Sunday, March 12, 2006

break a leg (?)

Today Dandelion Dancetheater is performing at ODC Theater in San Francisco. It's a showing of works-in-progress so that people
(people = potential funders of the project)
can see what material is in development.

This is not my first time performing publically, by any means.
But it is my first real modern dance performance.
And it is my first time performing completely naked.

Wish me luck.
(You never tell a dancer to "break a leg.")
(And you should especially not tell an AMPUTEE DANCER to "break a leg.")
(Breaking a leg would be bad.)

Incidentally, dancers say "merde"...
which is the French word for "shit".

Don't even get me started.

early morning coffee/computer time revealed this interesting interpretation of the origin of the phrase "Break a Leg":

It has also been peculiarly suggested that the origin of the phrase dates back to Shakespearean days. Apparently at the time, the poor and uneducated (often slow and dimwitted, and referred to as Groundlings) unable to afford real seats, would crowd the front of the theatre, right up against the stage. Transfixed by the performance, when they got really excited the Groundlings were customarily known to drool! Prior to their performance (on a stage besieged by eager Groundlings), actors would wish each other good luck by saying, "May you give such a stirring performance that you fall on the ensuing spit of drooling groundlings, and break a leg!"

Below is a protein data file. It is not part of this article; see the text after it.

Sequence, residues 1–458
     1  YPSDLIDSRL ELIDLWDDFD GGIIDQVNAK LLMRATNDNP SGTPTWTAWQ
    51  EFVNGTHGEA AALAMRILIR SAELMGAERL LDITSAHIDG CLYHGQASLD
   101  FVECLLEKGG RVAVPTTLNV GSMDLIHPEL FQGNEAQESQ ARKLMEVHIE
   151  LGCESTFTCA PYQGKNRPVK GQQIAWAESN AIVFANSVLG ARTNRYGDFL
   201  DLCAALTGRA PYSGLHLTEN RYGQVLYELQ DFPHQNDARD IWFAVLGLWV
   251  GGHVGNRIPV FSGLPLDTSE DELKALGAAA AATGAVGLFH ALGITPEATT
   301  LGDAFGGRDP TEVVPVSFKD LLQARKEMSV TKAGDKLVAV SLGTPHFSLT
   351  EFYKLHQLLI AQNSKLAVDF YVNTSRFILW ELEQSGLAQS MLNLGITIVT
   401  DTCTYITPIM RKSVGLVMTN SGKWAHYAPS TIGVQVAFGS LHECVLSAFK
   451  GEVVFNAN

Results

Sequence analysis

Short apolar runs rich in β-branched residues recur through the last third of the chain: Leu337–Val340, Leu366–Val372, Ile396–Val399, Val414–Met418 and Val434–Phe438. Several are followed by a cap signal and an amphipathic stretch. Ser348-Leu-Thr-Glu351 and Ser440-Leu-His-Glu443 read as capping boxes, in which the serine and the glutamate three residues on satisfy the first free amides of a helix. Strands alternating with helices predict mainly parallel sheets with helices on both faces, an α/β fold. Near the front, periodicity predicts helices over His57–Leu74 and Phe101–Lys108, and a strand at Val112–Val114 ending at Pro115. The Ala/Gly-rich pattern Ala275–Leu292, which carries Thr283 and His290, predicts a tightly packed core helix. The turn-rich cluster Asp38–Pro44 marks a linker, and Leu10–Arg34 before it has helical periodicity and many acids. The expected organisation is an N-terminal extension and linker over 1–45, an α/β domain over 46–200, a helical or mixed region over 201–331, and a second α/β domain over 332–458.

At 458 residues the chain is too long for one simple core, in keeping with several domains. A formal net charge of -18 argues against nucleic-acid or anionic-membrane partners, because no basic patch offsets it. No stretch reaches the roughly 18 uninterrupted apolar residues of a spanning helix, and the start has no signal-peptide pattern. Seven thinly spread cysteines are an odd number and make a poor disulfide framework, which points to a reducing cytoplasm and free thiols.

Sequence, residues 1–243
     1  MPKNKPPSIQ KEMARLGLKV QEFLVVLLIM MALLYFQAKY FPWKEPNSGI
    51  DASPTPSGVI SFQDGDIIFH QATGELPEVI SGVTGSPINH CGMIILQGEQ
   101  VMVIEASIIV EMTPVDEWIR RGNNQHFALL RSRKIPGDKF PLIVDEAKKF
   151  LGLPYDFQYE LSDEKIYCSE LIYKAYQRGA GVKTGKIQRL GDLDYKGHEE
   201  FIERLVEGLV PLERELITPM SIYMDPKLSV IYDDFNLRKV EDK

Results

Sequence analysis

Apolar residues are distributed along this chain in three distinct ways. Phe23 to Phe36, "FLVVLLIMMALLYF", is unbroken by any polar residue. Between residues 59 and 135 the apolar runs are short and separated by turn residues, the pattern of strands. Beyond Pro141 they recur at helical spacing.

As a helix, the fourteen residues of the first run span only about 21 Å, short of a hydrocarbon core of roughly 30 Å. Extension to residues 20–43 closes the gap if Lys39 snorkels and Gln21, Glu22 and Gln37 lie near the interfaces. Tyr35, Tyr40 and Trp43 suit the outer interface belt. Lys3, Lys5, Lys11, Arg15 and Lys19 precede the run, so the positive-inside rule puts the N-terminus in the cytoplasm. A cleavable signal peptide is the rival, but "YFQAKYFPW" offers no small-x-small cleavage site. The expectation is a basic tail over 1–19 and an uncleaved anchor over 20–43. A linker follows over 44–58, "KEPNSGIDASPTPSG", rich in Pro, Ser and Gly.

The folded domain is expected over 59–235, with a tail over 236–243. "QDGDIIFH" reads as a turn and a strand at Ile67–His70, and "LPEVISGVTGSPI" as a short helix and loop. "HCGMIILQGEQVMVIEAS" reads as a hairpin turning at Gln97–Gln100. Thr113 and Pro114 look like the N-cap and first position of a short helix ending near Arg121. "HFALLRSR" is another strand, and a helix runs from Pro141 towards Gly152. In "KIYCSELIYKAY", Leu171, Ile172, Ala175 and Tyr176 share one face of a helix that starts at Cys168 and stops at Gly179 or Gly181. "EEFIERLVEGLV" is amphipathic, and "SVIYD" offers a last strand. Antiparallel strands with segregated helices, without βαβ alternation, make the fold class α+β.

AND I also found this list of "good and bad luck superstitions of actors."

Number 15 on the list of bad superstions is:
"People should not knit near the stage"



Gray said...

I hope the performance went well, You sound very centered and ready to for your performance. I'm really impressed at you courage and creativity to perform today.

I just know that it went well, and that you were wonderful. But no matter how it went, I 'll send my applause and appreciation across the continent.

My daughter and I do a lot of theater, and I was interested in yourinvestigation of the phrase. Thanks! My theater friends will think that I am more knowledgeable that I really am.

Have a wonderful evening.